(4) The abolition of such requirements of eligibility for taking examinations as lacking clear or rational justification shall be examined.

(5) Previous experience as a prerequisite for examination eligibility, and compulsory training and course work after success in examination shall be reviewed so that these requirements do not function as barriers to entry without justifiable reasons.

(6) Justifications of physical handicaps as cause for unconditional ineligibility shall be examined.

(7) Special provisions and standards of certification pertaining to eligibility for taking examinations and acquisition of certification shall be put in writing and published.

(8) Restrictions on the number of successful candidates shall be reviewed to ensure that this practice does not function as a barrier to entry.

(9) The possibility of integrating various related or similar qualifications shall be examined. Additionally, the possibility of combining or exempting their examinations and course work, or exempting their course requirements shall be examined.

(10) Standards for success in examination shall be published.

(11) Various methods, such as those indicated below, shall be examined as a means to facilitating the acquisition of certification.

- Promoting an examination system in which candidates are allowed to accumulate subjects they have passed.
- Exempting candidates from taking examinations in subjects for which they have previously achieved passing scores.
- Promoting the publication of examination questions and allowing candidates to take home their examination questions.

(12) The grounds for estimating examination fees shall be examined.

(13) From the viewpoint of maintaining fair and effective competition, practices concerning registration and admission to members' association shall be reviewed.

(14) From the viewpoint of maintaining fair and effective competition and rationality, provisions related to remuneration shall be reviewed.

(15) From the viewpoint of maintaining fair and effective competition and rationality, restrictions on advertising shall be reviewed.

(16) The justification of periods of validity and compulsory participation in periodical training courses shall be reviewed.

Note: The above reviews shall be undertaken in accordance with Chapter 2 Section 2 (3): "Principles Pertaining to Standards and Viewpoints of Reviews" contained in the First Report on Deregulation by the Deregulation Committee of the Headquarters for Promoting Administrative Reform.

Attachment 2

Review of Systems of Standards/Specifications
and Inspection/Certification

 The systems of standards/specifications and inspection/certification consist of various standards provided by law pertaining to the manufacturing of products and the structure and installation of equipment and facilities. Mining and manufactured products and facilities and equipment must satisfy the pertinent standards for the purpose of safeguarding the life, body and property of people, as well as for achieving various policy objectives, such as preventing accidents, improving efficiency and rationalisation of production and consumption, etc. In addition, the standards specify the procedures for certification of compliance.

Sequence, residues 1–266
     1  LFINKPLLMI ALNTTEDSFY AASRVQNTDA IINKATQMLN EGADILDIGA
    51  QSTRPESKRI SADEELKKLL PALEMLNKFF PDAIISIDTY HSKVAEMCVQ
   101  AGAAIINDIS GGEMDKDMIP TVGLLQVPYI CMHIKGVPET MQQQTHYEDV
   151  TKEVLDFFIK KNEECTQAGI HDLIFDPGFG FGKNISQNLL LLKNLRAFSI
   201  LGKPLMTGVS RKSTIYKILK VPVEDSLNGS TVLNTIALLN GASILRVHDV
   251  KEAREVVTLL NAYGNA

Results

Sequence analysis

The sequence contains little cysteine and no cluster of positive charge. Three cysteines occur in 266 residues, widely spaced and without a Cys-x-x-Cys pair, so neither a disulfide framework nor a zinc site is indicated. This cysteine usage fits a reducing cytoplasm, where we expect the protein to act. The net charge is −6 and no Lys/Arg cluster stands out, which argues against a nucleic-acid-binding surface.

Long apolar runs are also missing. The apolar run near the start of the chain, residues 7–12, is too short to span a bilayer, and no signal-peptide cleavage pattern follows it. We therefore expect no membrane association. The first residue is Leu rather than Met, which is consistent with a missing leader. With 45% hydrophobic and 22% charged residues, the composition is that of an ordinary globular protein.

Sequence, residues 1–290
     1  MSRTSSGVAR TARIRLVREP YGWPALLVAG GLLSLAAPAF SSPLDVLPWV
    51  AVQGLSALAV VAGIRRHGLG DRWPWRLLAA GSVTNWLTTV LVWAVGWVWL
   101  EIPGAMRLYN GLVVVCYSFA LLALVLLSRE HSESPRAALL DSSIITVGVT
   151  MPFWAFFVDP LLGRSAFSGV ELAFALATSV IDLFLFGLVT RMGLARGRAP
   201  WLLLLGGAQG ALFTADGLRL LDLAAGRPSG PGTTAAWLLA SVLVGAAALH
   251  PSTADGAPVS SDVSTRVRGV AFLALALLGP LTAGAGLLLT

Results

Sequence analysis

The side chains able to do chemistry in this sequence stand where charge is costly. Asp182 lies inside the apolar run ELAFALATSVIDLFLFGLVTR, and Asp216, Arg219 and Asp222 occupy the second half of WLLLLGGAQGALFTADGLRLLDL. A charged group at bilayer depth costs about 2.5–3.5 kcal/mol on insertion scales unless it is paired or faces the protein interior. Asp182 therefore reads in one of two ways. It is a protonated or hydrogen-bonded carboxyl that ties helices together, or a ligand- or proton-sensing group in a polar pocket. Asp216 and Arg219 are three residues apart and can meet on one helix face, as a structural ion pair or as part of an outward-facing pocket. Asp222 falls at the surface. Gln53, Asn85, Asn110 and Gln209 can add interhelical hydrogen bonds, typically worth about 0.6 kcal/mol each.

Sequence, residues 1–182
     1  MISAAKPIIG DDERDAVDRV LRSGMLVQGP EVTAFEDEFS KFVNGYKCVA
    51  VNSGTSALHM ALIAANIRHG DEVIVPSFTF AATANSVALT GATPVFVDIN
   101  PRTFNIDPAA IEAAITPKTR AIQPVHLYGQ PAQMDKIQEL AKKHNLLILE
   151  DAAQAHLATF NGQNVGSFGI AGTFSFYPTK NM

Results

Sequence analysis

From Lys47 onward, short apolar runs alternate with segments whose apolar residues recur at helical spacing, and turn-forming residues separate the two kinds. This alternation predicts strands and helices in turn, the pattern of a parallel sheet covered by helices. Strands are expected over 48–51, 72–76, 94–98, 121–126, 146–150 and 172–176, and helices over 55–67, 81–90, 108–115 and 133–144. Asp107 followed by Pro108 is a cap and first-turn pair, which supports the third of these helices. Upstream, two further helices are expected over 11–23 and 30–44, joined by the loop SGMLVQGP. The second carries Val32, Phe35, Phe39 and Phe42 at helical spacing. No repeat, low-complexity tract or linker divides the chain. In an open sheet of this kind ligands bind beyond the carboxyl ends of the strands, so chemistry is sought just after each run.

Given the increasing globalisation of economic activities, the current systems of standards/certification exert a major impact on activities of corporation and consumers by raising costs and narrowing the range of available choices. Hence, it is important to pay due attention to minimising the impact, which is arising from the introduction and administration of standards/certification systems, on these kinds of activities. However, this must be done without undermining the original intent of the system to safeguard life, body and property of people and to achieve various policy objectives.
 The Three-Year Program for Promoting Deregulation decided upon by the Cabinet in March 1998 states that the current systems of standards /certification must be reviewed in accordance with the following four basic objectives:

(1) Direct government intervention should be minimised through transition to self-confirmation and third-party certification;
(2) Competitive market principles should be introduced in the field of certification and inspection;
(3) Performance-based standards should be introduced where appropriate; and
(4) Mutual recognition arrangements should be promoted.
 In undertaking these reviews, the Government shall pay particular attention to the following points, and shall promote the review process with the goal of completing the reviews of standards/certification systems before the end of fiscal 2000, the last year of the current Three-Year Programme for Promoting Deregulation. The Ministries and Agencies shall, in undertaking the reviews, take notice that the Deregulation Committee of the Headquarters for Promoting Administrative Reform is responsible for monitoring the progress in the implementation of the Three-Year Programme for Promoting Deregulation, including matters related to standards/certification systems. In short, the Ministries and Agencies shall review standards/certification in full cooperation with the Deregulation Committee.

1. Reviewing the Scope of Standards/Certification under the Jurisdiction of the National Government